It’s hard to believe it’s been five years today since I married my best friend. I don’t often put a lot of my personal life here on my blog, but today is a special day so it deserves something special. And since photography has always intertwined in my relationship with my wife it only makes sense to put it here on our fifth wedding anniversary. I guess it all started on a rainy day in Arras. So today I present a set of photos from the past five years of our marriage and the adventures we have had together! And while we haven’t been ableRead More →

History is far more complicated. And when it comes to the history of the railroad in Ontario, there are many more moving parts to the story than most people think. The history of the railroad does not begin in the 19th Century; rather, the events of the early 19th Century are simply a culmination of a vast array of the human need to improve our own mobility beyond that of our own two feet or the control and domestication of animals. As I am fond of saying, there has to be context to understand. While this is not the furthest I’ve gone back in time,Read More →

When it comes to fine-grain developing, the developer that most people reach for today is Kodak Xtol. But Xtol is one of the newest developers to come out of Kodak, before Xtol if you wanted to tame that grain, you reached for Microdol-X. While I’m unsure as to when Microdol-X was first released by Kodak, I’ve found images online of the powder coming in cans rather than pouches. The logo style is that of 1935, so I’m guessing it was released at some point in the mid-1930s at the earliest. I stumbled across Microdol-X while visiting Pittsburg back in 2015, while my main goal wasRead More →

If I had to choose between Microphen and Perceptol, Perceptol would win every time. And it all has to do with how the developer works. If you know me, I’m a fan of the old school, not only do I shoot and develop my own film, I like older film stocks, older developers, and that classic look. And while it’s easy for me to whip up a batch of D-23, there’s just something that Perceptol does that makes it the perfect mix between new and old. If Microphen is your fast-moving friend, Perceptol is one that takes a little more time. While I wouldn’t useRead More →

Here we are, there is always a certain bittersweetness about completing a project. And for me, this one was an eye-opener. It challenged not only my world view but my view of my own country and our history. But that is what history is supposed to do, challenge us to learn from the past and see how we can change the future. And here is the trouble with history, we can only see it through the eyes of those who wrote it and our personal bias. And trust me, it is hard to overcome your own bias. But the biggest problem with history that isRead More →

One of the first History courses I took in High School was Canada in the 20th Century. Most Canadian history texts that are used in schools start at this point. And there’s no surprise. As a nation, Canada came into its own in the 20th Century. Many point the crucible of World War One as the focal point. Others state the post World War Two era leading up to the 100th Anniversary of Confederation. But everything that happened in the 20th Century built on what happened before and the sins of the past were going to come back to haunt. As Canada emerged from theRead More →

The term Dominion within the British Empire was not new. England first used the term to describe its relationship with Wales, much to the chagrin of the Welsh. But in the new Canadian context, Dominion would be a new concept. Canada was not a Province of the greater Empire, nor was she fully independent. A Dominion was a grey area, autonomous in all domestic concerns, but in the greater world, she remained sub-servant to England. In a nutshell, this meant that the Governor-General represented not only the interests of the Crown and the British Parliament, and Canada could neither send or receive ambassadors from foreignRead More →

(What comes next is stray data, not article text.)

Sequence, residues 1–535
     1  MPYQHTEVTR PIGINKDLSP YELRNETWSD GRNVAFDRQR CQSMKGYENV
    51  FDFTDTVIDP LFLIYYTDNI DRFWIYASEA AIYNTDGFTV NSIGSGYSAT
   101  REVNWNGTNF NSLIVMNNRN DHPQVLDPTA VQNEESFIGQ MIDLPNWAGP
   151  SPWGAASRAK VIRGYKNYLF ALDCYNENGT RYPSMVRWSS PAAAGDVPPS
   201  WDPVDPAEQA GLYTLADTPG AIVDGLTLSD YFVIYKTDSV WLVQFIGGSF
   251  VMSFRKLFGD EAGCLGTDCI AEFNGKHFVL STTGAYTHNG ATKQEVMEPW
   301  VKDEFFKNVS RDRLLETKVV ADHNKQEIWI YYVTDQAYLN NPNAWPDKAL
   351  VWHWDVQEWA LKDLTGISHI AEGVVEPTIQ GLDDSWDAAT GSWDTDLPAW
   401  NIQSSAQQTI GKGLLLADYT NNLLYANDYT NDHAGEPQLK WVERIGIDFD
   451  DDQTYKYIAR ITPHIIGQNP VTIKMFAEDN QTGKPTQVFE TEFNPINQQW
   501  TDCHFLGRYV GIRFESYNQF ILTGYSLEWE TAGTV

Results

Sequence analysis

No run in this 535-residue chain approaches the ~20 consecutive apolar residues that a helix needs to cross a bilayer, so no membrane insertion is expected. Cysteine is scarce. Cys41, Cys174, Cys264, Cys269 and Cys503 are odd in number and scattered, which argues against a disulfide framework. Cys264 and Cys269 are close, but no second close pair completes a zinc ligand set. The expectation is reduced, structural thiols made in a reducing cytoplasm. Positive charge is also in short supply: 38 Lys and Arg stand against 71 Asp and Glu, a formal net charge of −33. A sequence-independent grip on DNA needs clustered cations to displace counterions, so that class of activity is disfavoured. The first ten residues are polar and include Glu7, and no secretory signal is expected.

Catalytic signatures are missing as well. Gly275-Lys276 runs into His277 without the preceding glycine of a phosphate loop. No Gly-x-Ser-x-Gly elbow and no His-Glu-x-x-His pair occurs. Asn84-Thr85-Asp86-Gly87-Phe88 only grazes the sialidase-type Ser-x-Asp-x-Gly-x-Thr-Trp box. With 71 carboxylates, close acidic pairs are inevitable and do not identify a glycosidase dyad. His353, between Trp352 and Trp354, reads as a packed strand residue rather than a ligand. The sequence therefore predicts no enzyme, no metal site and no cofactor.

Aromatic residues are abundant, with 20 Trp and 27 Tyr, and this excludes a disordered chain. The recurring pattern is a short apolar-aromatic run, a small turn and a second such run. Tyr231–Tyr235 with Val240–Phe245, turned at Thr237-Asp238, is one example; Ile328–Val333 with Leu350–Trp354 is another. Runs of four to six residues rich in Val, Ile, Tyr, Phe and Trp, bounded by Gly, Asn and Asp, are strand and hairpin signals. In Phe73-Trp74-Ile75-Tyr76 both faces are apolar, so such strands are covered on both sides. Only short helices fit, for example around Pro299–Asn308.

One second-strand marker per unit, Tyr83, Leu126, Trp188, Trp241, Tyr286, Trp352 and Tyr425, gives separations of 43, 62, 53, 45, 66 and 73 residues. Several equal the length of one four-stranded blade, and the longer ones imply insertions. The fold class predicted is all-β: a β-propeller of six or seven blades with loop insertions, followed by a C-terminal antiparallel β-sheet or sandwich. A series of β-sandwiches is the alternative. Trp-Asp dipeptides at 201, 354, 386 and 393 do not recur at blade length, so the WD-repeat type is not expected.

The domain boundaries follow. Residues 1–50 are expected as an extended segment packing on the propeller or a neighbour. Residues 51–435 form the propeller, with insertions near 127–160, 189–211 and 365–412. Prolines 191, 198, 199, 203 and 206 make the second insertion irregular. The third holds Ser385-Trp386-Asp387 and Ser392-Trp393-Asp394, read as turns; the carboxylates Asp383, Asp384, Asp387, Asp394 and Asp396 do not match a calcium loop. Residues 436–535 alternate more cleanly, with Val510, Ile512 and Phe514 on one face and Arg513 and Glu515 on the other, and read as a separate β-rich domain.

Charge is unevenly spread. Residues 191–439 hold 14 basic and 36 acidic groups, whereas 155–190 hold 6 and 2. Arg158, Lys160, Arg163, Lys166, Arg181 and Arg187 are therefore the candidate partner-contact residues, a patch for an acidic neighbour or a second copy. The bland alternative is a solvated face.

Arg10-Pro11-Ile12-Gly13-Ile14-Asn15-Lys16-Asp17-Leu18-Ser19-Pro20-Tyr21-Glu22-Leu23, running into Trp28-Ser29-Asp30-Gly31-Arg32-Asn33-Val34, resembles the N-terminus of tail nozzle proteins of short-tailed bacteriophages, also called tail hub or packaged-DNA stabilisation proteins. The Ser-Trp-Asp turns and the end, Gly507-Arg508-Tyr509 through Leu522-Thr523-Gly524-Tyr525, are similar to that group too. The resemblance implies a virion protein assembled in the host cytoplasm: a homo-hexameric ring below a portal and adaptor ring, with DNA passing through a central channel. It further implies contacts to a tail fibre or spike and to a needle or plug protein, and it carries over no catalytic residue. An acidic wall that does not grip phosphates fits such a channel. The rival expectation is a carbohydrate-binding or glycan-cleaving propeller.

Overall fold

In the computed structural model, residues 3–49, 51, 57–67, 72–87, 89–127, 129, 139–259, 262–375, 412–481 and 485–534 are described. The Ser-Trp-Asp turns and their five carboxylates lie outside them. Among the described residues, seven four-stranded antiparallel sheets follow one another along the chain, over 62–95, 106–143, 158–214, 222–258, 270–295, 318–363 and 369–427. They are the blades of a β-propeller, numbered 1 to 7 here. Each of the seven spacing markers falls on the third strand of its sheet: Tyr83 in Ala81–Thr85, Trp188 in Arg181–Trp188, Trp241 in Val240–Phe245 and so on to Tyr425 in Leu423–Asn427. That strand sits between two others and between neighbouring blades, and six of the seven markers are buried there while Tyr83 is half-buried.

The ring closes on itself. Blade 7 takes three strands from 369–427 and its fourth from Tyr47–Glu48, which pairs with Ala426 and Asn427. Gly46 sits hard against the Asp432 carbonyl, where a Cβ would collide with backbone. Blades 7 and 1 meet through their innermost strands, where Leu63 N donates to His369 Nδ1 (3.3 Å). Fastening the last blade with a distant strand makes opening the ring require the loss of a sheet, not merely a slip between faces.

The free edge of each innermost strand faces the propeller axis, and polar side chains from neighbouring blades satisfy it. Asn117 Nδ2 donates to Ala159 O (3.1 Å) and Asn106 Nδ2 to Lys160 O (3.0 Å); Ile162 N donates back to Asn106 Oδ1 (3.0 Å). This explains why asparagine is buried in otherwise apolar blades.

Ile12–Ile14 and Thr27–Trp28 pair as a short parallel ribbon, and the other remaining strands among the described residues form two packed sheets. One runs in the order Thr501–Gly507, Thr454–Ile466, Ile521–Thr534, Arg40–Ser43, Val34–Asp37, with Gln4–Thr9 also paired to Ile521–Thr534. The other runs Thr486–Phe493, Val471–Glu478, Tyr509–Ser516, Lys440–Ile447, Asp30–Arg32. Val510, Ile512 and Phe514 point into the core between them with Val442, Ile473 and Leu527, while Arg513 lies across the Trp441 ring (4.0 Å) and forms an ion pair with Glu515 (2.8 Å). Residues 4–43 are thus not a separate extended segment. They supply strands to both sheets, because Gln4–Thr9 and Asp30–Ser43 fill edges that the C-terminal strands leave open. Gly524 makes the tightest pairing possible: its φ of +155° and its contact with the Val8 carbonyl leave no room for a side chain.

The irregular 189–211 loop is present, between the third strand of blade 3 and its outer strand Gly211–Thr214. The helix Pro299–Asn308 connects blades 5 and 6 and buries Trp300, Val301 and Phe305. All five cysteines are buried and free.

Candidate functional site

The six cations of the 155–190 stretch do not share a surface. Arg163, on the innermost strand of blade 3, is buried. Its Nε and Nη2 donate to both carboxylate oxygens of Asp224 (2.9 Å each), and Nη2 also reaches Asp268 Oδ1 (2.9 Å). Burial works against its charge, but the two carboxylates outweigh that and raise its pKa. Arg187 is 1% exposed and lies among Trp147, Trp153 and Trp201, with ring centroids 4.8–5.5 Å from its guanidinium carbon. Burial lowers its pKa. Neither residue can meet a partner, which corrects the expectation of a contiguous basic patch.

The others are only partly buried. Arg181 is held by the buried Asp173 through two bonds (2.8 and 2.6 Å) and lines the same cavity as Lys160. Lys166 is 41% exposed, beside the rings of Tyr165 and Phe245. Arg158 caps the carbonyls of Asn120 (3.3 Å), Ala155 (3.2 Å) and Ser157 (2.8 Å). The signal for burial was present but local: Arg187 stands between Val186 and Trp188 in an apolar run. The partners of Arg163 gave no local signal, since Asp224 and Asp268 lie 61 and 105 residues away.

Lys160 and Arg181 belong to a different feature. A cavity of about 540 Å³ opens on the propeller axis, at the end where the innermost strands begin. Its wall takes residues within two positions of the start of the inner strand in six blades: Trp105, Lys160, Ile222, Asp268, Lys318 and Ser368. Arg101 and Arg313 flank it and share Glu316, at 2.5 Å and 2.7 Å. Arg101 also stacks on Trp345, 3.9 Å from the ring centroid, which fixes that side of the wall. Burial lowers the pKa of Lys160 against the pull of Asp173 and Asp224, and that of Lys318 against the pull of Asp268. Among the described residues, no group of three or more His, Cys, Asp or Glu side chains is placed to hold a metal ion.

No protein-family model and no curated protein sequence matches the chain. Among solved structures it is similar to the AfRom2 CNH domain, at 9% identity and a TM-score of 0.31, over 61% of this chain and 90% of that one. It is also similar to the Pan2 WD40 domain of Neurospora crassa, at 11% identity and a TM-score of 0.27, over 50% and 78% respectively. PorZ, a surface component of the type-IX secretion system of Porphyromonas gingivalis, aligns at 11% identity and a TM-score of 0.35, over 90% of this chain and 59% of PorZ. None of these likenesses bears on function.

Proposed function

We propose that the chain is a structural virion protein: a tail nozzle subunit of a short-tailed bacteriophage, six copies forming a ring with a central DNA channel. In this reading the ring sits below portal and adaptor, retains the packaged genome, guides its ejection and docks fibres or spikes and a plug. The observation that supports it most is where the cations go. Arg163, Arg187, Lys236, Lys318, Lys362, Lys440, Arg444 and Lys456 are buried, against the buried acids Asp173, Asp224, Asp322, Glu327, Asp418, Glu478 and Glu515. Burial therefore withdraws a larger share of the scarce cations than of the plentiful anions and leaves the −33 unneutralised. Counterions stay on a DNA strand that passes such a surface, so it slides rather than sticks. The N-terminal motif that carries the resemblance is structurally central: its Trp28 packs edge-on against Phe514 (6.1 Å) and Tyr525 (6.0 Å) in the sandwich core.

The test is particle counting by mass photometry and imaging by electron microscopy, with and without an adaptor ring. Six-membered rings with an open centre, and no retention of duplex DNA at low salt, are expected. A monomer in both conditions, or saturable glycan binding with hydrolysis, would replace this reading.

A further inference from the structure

If you’re wondering what everything has been leading up to this is it, we’re in the end game now. The road to Canadian Confederation is a long and rough one, with many false starts, failures to push through and roadblocks along the way. From the cause for political reform in the 1820s the rebellions of the 1830s. In through the victory of reform in the 1840s and the rocky roads in the 1850s. The threats to Canadian territory through invasion or annexation, it all leads to this, confederation. Despite the momentum in the aftermath of the Charlottetown and Quebec Conferences in 1864, the passage ofRead More →

If you ever get the chance to visit Quebec City, take the opportunity. Not only is it one of the most beautiful cities in Canada, but it also intersects with many of the significant events that would go one to shape Canada throughout history. From the establishment of the first French settlement in what would become Canada, to the fall of French Rule on the Plains of Abraham in 1759. The Quebec Conference of 1866 to the other Quebec Conferences at the climax of the Second World War that planned out the invasion of fortress Europe. While often overlooked or merged with the Charlottetown Conference,Read More →

Of the four fathers of confederation, I’ve explored in these blog posts the one with the strangest story, and the youngest in both age and political experience is Thomas D’Arcy McGee. Born the 13th of April 1825 in Carlingford, County Louth, Ireland. Raised by Irish Roman Catholic Patriots, much of his early education came from his mother, who as a Dublin Bookseller filled McGee with the stories of the Irish heroes of old. His knowledge continued in the illegal Hedge Schools where he learned of the past and ongoing struggles for Irish independence from British Occupation. His experience continued when his family moved to WexfordRead More →